USTelecom: Net neutrality should be a federal, not a specific state measure

Net Neutrality
USTelecom says any net neutrality rules should be carried out on a federal level. (iStock/mindscanner)

USTelecom, an industry group focused on providing advocacy for the large Tier 1 and rural Tier 2 and Tier 3 telcos, maintains that any net neutrality rules should be based on a federalwide concept and not state by state.  

Jonathan Spalter, CEO of USTelecom, said in a blog post that its organization will continue to challenge any state or municipal efforts that are inconsistent with the Restoring Internet Freedom Order.

USTelecom
Jonathan Spalter

“If we truly believe—as I do—that all Americans deserve an open internet, then we should fight together at the federal level for permanent, evenhanded protections that apply across the entire internet,” Spalter said. “Protections should be no different for consumers in Minnesota or Iowa than they are in California or Florida.”

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Spalter added that “consumers deserve consistent safeguards across the online world, whether engaging with Facebook, Goggle, AT&T or Comcast.”

Spalter’s comments come as states like Washington move to pass their own net neutrality bill.

In late February, Washington passed its own net neutrality law, the first state to do so in protest of the FCC’s move to repeal the 2015 net neutrality order.

Washington is hardly alone in its desires to launch its own net neutrality rules. Lawmakers in over 25 states have introduced their own net neutrality legislation but Washington is the first to pass its bill in both chambers of the state legislature.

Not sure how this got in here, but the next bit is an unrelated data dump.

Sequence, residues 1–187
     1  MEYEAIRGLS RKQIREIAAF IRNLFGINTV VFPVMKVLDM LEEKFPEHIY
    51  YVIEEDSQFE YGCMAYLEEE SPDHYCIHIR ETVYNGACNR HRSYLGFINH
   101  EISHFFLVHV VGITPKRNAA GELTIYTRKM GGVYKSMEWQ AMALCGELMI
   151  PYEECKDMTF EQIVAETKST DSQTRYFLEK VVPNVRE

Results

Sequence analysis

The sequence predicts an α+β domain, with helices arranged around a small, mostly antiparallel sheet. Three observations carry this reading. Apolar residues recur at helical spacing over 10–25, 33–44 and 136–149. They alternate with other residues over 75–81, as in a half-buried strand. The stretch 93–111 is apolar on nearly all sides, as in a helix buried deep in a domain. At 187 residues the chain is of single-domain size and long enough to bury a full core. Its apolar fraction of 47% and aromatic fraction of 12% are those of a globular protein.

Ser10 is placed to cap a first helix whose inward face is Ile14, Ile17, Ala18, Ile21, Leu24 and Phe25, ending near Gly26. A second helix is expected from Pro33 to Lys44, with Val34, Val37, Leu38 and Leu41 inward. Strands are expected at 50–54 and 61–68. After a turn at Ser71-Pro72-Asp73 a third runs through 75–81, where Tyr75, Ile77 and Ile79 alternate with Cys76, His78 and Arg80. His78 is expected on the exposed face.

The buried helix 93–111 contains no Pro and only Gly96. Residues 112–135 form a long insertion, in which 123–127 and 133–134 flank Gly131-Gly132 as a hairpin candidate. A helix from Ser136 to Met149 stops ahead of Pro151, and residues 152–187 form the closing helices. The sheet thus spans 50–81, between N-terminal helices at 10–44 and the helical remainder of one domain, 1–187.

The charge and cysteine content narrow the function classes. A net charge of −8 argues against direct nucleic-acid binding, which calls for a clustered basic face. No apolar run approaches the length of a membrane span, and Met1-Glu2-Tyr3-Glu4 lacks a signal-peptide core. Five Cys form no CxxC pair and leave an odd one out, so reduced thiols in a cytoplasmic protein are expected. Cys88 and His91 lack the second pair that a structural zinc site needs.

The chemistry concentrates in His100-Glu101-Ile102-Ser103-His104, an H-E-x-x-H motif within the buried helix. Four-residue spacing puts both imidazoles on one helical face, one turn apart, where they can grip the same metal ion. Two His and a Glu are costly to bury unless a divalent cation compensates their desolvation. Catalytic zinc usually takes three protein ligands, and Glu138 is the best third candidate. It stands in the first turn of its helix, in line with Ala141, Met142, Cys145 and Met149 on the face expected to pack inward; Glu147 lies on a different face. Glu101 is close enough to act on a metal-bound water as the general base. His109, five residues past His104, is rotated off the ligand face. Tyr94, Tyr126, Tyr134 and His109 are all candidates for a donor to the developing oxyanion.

At the same time, a California court is about to hear arguments to reinstate the 2015 net neutrality rules put in place by former FCC Chairman Tom Wheeler. San Francisco’s 9th Circuit court was recently selected by lottery to hear the case challenging the FCC's ruling last December to reclassify ISPs as information service providers under Title II of the 1934 Communications Act.

USTelecom recently joined other pro-incumbent organizations like three trade groups that collectively represent the U.S.-based Tier 1 Internet and wireless providers filed motions to intervene in the case on behalf of the FCC. The motions for leave to intervene were filed by NCTA (The Internet & Television Association), CTIA (The Wireless Association) and USTelecom (The Broadband Association).

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